2. Cuomo's Disasterous Evaluations on

    TO “CONSERNED” VOTER:

    You have quite a few things wrong. Teachers are ALL FOR being graded on our performance, and have been for decades, but the new evaluations are a total failure. I will explain why.

    It’s a completely new, unproven, untested idea to have standardized test results used to calculate teacher evaluations. If a kid gets a test answer right, how do we know they learned that particular answer from that particular teacher? We don’t. In real life, the kid could have guessed the answer. Or, the kid could have learned the answer at home from a parent, or from a $100 per hour private tutor. Or from a previous teacher.

    If a kid gets answers wrong, the new evaluations punish the current teacher. But what if the kid wasn’t even reading the questions and just bubbled in answers randomly? (I saw multiple students do this last Spring). What if the kid was absent 44 times because she had to watch her baby cousin? Why is her teacher is punished for this?

    What if the kid doesn’t speak much English and hasn’t been able to understand the teacher all year? The tests do not make any exceptions for this. What if the kid was 4-5 years behind grade level when they enrolled in the school? The teacher is supposed to catch them all the way up by Spring, but there has never been a case of anyone doing this.

    This is how teachers in wealthy neighborhoods get rewarded by the new evaluations, and how teachers in poor neighborhoods get punished – in both cases, we have no way of knowing if the answers on the tests point to the latest teacher, or if the kids actually took the test.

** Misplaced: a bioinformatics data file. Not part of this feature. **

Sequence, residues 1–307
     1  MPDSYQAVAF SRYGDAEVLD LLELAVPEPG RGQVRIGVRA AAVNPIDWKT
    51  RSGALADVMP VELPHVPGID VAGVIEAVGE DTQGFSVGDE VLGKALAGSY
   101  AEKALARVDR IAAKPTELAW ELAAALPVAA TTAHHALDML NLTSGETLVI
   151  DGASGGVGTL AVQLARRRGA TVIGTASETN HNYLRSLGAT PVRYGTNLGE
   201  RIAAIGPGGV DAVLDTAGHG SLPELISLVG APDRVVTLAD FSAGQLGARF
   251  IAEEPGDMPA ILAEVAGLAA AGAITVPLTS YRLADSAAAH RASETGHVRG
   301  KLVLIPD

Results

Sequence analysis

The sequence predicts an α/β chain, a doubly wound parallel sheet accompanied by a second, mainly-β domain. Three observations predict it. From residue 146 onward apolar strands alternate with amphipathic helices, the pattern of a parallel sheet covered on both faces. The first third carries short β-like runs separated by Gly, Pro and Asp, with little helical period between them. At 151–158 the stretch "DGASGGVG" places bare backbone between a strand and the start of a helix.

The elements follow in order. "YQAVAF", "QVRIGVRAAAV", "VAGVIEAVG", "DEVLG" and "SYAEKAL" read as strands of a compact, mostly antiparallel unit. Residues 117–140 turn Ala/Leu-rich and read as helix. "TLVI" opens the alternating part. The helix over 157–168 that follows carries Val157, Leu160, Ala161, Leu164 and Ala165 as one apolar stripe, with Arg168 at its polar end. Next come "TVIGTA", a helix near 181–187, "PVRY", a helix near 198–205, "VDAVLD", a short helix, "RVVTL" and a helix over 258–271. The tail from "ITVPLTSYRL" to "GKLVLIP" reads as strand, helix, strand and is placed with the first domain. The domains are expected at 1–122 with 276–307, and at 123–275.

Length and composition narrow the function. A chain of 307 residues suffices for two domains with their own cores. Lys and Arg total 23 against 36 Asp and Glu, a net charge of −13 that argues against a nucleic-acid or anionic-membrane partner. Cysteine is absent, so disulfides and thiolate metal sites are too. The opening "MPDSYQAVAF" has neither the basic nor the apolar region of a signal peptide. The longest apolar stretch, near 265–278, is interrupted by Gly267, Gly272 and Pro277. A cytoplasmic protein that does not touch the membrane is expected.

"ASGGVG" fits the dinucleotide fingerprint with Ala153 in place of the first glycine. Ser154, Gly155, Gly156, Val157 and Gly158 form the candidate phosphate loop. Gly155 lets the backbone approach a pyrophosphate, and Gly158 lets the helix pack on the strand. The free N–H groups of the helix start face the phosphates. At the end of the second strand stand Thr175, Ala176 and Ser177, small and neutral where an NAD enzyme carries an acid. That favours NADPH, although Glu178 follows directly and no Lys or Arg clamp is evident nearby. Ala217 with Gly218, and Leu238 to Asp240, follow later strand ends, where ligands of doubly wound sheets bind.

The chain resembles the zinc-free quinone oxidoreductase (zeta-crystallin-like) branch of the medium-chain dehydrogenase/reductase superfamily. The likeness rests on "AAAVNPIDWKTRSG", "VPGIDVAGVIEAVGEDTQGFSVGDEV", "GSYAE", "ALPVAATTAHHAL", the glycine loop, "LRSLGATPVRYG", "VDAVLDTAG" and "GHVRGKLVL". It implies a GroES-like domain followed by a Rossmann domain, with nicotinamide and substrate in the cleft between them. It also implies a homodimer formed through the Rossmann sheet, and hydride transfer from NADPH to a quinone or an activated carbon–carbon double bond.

You are right that the Common Core standards themselves are not the issue, it’s how they are being implemented. They were designed for the top third of achievers in the nation, which means they were never meant for the bottom two thirds, that holding everyone to the same standards would result in two thirds failing, predictably, by design. In NY, it was even higher, at 70-75%

    So maybe you can explain to me why we are forcing kids to learn at a level beyond their functioning ability knowing kids develop at different paces?

    And why would we let the federal government dictate education policy and give up local control of education policy and staffing? Did you know Common Core’s implementation, called Race To The Top took power away from your local school board, state legislature and state education department?

    Before this policy, teachers in NY were evaluated by a simple Satisfactory/Unsatifactory rating, decided by the principal who understands the working conditions and knows the local students, parents and community. Firing teachers will improve nothing unless there are better teachers available and there is already a shortage of good teachers in the inner city. The testing accountability has already caused a hiring crisis in my school – so who do you think is going to teach in communities that how low literacy and will guarantee poor test scores?